1. Taylorism didn’t see the relevance and need for non-technical learning and development programs.
2. Training is one approach of learning and development; it’s primarily concerned with the technical skill enhancement of the job-holder. Learning and development is a broader concept, that takes into consideration both technical and non-technical dimensions of learning.
3. Most learning activities can be classified as job-related, person- related, or problem-related; the three dimensions of learning and development.
4. The job-centered approach is the one most directly related to the specifics of one’s job performance.
5. Training programs that improve an employee’s capacity to operate a piece of machinery, master some form of technology or a work- related system or process, are job-centered.
6. The person-centered approach is based on the idea that a more accomplished person can be a more accomplished employee.
7. Training programs that improve an employee’s mastery of themselves—rather than mastery of a job skill—such as goal setting, personal motivation, time management, and emotional intelligence potentially increase work performance in the right circumstances.
8. A third learning and development dimension is problem-centered; that is, being more effective at solving work-related problems.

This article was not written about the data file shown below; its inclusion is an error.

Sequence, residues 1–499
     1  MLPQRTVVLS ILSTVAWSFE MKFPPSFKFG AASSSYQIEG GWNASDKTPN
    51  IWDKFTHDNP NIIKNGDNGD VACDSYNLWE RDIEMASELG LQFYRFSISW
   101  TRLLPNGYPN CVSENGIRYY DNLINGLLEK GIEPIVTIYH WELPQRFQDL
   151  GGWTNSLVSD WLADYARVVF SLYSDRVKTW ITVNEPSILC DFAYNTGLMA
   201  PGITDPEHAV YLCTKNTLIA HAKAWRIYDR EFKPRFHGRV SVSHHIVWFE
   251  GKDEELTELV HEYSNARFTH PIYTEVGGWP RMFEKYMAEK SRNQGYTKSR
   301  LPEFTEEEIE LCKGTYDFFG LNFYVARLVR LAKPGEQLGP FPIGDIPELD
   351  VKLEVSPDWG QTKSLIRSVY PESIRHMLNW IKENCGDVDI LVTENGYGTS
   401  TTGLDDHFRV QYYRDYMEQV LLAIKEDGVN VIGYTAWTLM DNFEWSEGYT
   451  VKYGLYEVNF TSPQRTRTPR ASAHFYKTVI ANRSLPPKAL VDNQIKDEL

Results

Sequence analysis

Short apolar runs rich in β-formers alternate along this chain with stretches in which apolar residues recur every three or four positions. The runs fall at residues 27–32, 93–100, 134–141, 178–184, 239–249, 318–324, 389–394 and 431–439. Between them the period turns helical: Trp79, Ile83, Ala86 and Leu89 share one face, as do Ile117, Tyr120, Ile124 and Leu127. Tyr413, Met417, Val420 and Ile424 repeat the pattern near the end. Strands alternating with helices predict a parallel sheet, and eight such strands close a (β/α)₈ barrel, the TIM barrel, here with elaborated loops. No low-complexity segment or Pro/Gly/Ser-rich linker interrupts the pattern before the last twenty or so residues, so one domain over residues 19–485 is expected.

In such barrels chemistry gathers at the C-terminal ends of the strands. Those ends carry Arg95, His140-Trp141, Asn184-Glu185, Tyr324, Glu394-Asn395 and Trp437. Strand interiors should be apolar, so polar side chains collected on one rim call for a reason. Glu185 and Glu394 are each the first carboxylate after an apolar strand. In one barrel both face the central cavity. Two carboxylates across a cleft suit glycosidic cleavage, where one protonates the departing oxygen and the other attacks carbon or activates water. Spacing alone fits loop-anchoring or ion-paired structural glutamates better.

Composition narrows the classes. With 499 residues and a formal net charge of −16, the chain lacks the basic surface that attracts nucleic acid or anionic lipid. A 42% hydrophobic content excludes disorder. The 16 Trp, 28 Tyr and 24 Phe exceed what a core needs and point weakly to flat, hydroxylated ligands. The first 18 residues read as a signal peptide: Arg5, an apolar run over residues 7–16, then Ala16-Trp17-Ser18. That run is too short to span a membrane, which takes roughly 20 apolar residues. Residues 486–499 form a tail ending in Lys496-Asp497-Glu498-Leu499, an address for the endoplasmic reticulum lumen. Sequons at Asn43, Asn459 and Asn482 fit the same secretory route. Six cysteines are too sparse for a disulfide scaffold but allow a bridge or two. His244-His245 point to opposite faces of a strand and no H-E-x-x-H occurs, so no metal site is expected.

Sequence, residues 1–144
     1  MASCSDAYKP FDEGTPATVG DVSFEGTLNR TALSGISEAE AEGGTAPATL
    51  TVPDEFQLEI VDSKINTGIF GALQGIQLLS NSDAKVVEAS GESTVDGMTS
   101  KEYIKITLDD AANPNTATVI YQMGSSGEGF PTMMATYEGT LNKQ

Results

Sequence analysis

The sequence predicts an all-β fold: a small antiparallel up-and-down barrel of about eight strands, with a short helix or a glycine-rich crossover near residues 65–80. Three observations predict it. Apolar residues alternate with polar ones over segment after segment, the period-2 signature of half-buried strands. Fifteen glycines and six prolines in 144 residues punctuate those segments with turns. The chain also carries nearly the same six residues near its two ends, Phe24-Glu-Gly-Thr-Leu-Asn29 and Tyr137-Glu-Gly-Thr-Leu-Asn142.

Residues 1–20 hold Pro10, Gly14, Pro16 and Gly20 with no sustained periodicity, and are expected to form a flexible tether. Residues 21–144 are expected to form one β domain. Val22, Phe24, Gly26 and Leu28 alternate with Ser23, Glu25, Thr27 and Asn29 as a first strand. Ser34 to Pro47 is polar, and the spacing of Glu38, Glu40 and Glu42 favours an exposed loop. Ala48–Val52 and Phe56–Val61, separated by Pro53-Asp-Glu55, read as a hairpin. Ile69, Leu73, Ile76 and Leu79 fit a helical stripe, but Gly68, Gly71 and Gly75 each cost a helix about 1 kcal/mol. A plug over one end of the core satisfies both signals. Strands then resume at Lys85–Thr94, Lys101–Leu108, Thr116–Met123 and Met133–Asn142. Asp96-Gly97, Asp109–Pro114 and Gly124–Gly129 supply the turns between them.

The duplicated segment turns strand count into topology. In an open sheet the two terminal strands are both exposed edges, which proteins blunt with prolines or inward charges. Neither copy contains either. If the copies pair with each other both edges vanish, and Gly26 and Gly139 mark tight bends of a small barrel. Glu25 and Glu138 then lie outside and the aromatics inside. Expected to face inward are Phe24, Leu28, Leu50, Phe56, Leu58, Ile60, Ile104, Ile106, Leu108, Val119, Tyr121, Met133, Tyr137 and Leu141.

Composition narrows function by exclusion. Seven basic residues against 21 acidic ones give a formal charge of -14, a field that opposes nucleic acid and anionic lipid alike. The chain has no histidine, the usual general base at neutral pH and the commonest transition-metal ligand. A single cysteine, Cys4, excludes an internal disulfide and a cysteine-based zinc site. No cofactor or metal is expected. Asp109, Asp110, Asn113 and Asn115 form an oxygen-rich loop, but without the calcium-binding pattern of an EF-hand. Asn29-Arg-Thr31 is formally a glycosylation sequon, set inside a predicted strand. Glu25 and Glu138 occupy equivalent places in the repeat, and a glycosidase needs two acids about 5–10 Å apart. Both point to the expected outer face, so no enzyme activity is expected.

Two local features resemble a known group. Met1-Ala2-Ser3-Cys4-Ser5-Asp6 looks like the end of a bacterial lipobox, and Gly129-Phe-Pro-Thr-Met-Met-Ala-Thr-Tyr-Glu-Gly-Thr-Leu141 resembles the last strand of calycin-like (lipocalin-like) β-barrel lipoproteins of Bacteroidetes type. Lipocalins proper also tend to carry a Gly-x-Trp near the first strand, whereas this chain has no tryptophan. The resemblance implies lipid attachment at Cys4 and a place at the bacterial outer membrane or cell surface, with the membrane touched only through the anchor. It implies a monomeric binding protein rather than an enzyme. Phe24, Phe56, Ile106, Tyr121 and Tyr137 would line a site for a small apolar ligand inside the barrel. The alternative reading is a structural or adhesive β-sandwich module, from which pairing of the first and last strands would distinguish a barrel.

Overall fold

9. Topics such as creative problem-solving techniques, research skills, or analysis of real world case studies are examples of problem-centered learning.
10. The author recommends shifting from a mostly narrow job-centered learning focus to a multi-dimensional approach; this utilizes the strengths of all three dimensions of learning and development.
1. Baker, T. (2014). Attracting and retaining talent: Becoming an employer of choice. London: Palgrave Macmillan.
2. Kuchinke, K.P. (1999). Adult education towards what end? A philosophical analysis of the concept as reflected in the research theory, and practice of human resource development. Adult Education Quarterly, 49 (4), 148—160. Maitland, I. (1994). The morality of the corporation. Business Ethics Quarterly, 4, 445-458.
4. Baker, T. (2013). The end of the performance review: A new approach to appraising employee performance. London: Palgrave Macmillan.